Once again, I must begin my blog with gratitude to all of you who have gone to the time and trouble of reading my thoughts and, most important, responding to them with yours.
As I've moved into cyberspace, like Alice venturing warily through the looking glass, I've discovered its foremost virtue: It breaks through the television screen and brings us face to face. Since Inside the Actors Studio is in 84,000,000 homes in America and 125 countries around the world, the audience is a vast, mysterious, faceless crowd. Cyber-space pierces the darkness and shines a light on both of us: on me because the blog is, literally, a glimpse into my thinking, for whatever it's worth -- and is equally a forum for your thoughts, which are worth a great deal to those of us who launch each episode of Inside the Actors Studio on its voyage into uncharted waters.
Among the many responses to my last blog, I was moved by John Hewitt's modern-day version of "The Gift of the Magi," as, in his words, "On Christmas morning two copies of your book were revealed -- the one I'd bought her, and the one she'd bought me.... I read the final two chapters aloud to her as we drove home today, and when we got to the Martha Graham story, and the final poem, we were both weeping." That is, of course, music to an author's ears, as are all the other kind words about Inside Inside, like Karen Sucher's: "My son, Kevin, gave me a copy of your book for Christmas -- and I just wanted to let you know how much I enjoyed it"; and Susan Hopman's "Thanks for all the time and effort you put into making a great book.... It is now my favorite book, to be reread many times."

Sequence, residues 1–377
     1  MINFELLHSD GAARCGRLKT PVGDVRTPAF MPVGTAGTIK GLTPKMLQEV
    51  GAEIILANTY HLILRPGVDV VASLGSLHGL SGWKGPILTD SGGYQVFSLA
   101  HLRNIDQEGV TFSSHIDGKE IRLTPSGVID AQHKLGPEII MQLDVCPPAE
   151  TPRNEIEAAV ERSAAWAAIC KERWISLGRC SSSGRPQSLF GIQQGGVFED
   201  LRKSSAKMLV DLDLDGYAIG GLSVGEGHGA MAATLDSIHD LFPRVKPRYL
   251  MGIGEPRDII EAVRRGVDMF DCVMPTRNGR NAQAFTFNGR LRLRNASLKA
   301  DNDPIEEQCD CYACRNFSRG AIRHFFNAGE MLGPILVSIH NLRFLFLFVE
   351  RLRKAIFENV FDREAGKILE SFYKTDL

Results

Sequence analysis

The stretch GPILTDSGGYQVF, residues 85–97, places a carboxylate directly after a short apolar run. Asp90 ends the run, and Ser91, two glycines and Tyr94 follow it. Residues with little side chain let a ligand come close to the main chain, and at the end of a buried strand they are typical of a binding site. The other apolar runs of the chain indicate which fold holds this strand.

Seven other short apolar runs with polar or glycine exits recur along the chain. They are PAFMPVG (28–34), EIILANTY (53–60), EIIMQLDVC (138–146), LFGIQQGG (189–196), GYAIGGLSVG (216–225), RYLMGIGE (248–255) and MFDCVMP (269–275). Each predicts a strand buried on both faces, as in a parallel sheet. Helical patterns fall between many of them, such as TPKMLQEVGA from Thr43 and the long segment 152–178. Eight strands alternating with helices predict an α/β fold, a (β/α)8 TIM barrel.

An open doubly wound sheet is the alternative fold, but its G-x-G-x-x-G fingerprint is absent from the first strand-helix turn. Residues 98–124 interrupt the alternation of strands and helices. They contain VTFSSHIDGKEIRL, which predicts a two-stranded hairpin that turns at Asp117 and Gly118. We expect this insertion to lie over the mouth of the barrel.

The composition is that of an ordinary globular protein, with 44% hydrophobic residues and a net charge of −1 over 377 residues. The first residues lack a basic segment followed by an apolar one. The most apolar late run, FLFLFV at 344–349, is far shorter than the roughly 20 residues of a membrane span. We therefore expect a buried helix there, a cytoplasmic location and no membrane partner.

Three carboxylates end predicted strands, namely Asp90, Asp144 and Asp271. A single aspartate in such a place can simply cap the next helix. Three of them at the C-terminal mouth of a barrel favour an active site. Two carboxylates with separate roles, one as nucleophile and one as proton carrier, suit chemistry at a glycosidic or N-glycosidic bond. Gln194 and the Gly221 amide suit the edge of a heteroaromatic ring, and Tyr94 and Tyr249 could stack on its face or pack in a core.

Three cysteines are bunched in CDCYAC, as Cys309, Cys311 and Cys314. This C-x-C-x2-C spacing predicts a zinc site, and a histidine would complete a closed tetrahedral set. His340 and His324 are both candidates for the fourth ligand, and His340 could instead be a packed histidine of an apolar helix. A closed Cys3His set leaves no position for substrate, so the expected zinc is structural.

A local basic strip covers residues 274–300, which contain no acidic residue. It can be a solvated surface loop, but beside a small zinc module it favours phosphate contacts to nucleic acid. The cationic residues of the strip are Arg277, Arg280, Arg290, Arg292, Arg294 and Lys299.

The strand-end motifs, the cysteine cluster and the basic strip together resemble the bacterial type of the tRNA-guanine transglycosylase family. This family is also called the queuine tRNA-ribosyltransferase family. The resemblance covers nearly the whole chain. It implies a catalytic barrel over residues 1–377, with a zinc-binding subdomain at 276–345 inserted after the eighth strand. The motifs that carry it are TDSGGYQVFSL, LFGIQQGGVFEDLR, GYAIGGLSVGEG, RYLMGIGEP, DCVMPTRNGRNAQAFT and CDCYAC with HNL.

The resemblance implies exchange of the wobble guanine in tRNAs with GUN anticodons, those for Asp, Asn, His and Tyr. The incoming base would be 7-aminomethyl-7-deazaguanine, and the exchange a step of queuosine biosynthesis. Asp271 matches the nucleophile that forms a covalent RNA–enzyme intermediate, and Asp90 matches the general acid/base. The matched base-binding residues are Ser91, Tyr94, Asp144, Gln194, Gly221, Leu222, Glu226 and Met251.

To Jane, I promise that, once the strike is over (I'm a member of the Writers Guild), we'll be back in our slot at 8 p.m. on Monday nights on Bravo with an exciting lineup of guests who have been waiting to come to our stage since the strike began. Wait till you see what we plan for our 200th episode!
To Tony in the UK: Our next DVD will be the storied Robin Williams episode -- with more than thirty minutes of his unique genius that's never been seen before, since time limitations in the original two-hour show meant leaving some gleaming treasures behind in the edit room. Many of you have remarked on the excerpts from the book that I've included in my blogs, so, with your indulgence, I'll conclude this blog with another. As those of you who have read the book know, it is a compendium of the heroes of my life -- and its passions, one of which is flying. Among the fifty photographs in the book, one is of a 1956 Aeronca, owned by Bob Curtis, "The Bald Eagle of the Yukon," which I flew across the Alaska Range in the dead of a northern winter, fulfilling a lifetime ambition to be, at least for a few days, a bush pilot like Curtis. Another photo, as its caption explains, is of "the cliff face off the wingtip in Rainy Pass, moments before the engine died."
Here, from the text of the book, is the solution to that ominous enigma:
The route I'd chosen was the Iditarod Trail, site of the annual Alaskan dogsled race that traverses the most formidable terrain in the state. To be frank, that was what attracted me to it. The Iditarod Trail begins in Anchorage and ends in Nome, and our flight plan called for making it through the Alaskan Range's notorious Rainy Pass in time to spend the night in the tiny gold-mining village of McGrath. With the brief Alaskan day ticking away, we arrived at the mountains; and as the pass loomed ahead, massive and formidable, so did the weather, turning, as it does in Alaska, or in any bush environment, on a dime. We were flying into the teeth of a snowstorm. The pass was treacherous in the best of conditions: a long, narrow corridor near the top of the range, with canyon walls of jagged ice, frequently no more than fifty feet off our wingtips on either side, and a five-thousand-foot drop below -- the whole environment vanishing completely in brief whiteouts as the snowfall intensified.